Growers across the country must address the serious challenge of oilseed rape volunteers by placing more priority on reducing seed losses in the run up to, and at, harvest
Growers across the country must address the serious challenge of oilseed rape volunteers by placing more priority on reducing seed losses in the run up to, and at, harvest.Two years of trials undertaken on a Nottinghamshire farm in 2011 and 2012 designed to improve rotational hygiene have underlined the potential for volunteer oilseed rape problems even with modern harvesting equipment and pod-sticking sprays. At the same time they have revealed the extent to which they can be reduced by growing varieties with genetic resistance to pod shatter, advises Openfield arable technical manager, David Leaper (left).“The impact of OSR volunteers is becoming increasingly important with closer rotations and a declining selective herbicide armoury,” stresses David. “Especially so, as priority cultivations for black-grass control ahead of wheat planting increase the dormancy of shed rapeseed. This means far greater survival and emergence in subsequent OSR crops which, in turn, compromises plant populations, crop uniformity, productivity and disease management.”For the best oilseed rape performance growers need uniform crops with superior agronomic traits grown at populations that produce the most efficient canopies. So they’re increasingly prioritising careful variety selection, lower seed rates and variety-specific agronomy. All of which is undermined where large volunteer legacies leave the sort of mixed populations and 120 per cent-plus establishment rates many are seeing.”Add to this extra slug problems and green bridge and seed disease carry-over risks, and minimising OSR volunteers must be taken seriously.”Against this background, detailed recording in the initial Openfield trial in 2010/11 showed volunteer plant levels of over 100/m2 three weeks after harvest in four of the 13 strips, the worst being more than 700 volunteers/m2. What’s more, no less than 14 of the 22 strips harvested in an extended trial in 2011/12 had more than 70 per cent volunteer cover after two months.
This was despite harvesting with a top of the range Claas Lexion combine fitted with Vario header and the inclusion of a proprietary pod sticking agent with the pre-harvest Roundup spray. Interestingly too, while being acutely aware of problems during his combining in 2011, last harvest the grower involved reported little or no visible pod shattering in the crop.”Seed losses at harvest may not noticeably comprise yield in most cases,” David points out. “Yet their impact on volunteers is invariably considerable. For instance, at a typical thousand seed weight of 6g a loss of just 30kg/ha is over 500 seeds/m2. Which, even after accounting for viability losses of as much as 90 per cent over a couple of seasons, is the equivalent of a typical hybrid seed rate added to the next oilseed rape crop.”As well as highlighting the scale of what are often unrecognised losses, our trials also show they can be dramatically reduced by growing varieties carrying genetic resistance to pod shatter,” he explains.”In 2011, we recorded less than 10 volunteers/m2 three weeks after harvest in the strips of all three varieties known to have pod shatter resistance against an average of just under 170/m2 in the other ten variety strips.”Equally, in 2012 we recorded less than 10 per cent volunteer ground cover two months after harvest with five varieties and just three per cent with the best performer, DK Extrovert. This compared with an average of just under 80 per cent volunteer cover for the other 17 leading varieties in the trial and over 95% from the six worst performers (Figure 1).Figure 1: Volunteer OSR growth two months after harvest (Openfield trial 2011/12).“Altogether, our evidence suggests pod shatter resistance in a variety can typically give a ten-fold reduction in volunteer problems arising from seed losses around and at harvest,” David reports. “And the advantage can be considerably greater where the weather is unsettled or harvesting conditions are difficult.”There are, of course, a number of other cultural opportunities for improving oilseed rape rotational hygiene. As well as employing extension headers and ensuring the correct combine settings to minimise threshing losses, pod stickers may help in some circumstances. As will subsequent stubble and seedbed management to encourage maximum volunteer germination ahead of the next crop for pre-planting control with Roundup.David urges growers to appreciate that as ‘contact’ products, the effectiveness of pod stickers depends on achieving the best possible distribution throughout the canopy which, in his experience, certainly isn’t easy pre-harvest in many crops. He also accepts that leaving stubbles uncultivated for the four weeks needed to ensure the best chit and pre-planting control of volunteers may not be practicable with many early wheat establishment regimes; particularly where the most effective pre-planting black-grass control is required.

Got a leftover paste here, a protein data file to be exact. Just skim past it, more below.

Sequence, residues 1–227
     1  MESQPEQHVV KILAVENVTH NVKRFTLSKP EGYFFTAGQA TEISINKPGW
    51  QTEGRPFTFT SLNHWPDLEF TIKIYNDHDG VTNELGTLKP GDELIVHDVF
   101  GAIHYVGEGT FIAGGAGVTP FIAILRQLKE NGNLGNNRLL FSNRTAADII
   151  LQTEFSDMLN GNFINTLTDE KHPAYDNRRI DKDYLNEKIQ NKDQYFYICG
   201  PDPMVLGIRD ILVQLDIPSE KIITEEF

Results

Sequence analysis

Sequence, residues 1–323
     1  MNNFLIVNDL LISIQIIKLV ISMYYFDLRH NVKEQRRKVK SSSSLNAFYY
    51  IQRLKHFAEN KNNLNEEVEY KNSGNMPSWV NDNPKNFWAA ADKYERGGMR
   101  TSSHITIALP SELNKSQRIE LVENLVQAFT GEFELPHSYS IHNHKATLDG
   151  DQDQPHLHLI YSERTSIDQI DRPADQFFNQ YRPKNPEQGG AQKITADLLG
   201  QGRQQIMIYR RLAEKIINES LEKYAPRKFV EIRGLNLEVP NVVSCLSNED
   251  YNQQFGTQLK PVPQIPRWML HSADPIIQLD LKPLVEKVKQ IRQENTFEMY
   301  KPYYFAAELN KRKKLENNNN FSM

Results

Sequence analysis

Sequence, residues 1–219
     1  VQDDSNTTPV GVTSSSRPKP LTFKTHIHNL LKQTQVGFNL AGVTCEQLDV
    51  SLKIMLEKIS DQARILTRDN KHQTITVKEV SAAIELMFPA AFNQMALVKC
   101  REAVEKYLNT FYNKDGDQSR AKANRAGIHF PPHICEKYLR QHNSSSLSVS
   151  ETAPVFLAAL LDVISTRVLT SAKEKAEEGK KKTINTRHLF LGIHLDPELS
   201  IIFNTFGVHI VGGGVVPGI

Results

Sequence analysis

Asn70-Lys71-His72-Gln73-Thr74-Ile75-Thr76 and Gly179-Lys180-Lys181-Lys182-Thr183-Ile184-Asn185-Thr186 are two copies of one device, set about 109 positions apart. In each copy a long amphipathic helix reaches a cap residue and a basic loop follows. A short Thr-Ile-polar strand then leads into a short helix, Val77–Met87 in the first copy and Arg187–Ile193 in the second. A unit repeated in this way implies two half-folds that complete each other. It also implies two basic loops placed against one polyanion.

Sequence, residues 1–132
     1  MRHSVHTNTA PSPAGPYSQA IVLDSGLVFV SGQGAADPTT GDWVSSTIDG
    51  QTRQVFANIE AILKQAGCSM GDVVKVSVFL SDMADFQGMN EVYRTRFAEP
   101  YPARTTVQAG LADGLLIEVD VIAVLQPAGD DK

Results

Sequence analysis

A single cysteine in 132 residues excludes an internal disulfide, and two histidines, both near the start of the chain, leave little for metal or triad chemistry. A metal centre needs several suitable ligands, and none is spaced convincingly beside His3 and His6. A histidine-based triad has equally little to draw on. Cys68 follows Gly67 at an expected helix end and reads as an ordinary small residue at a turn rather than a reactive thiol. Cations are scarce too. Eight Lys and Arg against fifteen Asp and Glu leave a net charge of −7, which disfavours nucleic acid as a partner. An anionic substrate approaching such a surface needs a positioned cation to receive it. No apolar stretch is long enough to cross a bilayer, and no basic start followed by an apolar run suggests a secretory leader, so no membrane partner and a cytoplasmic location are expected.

“Given these limitations, the pod shatter resistance available alongside a growing range of yield-protecting traits in Dekalb hybrid varieties is a real boon for rotational hygiene,” he concludes. “Our trials and anecdotal evidence from a growing number of customers confirm its value in minimising seed shedding even under conditions where it is not considered a significant problem.”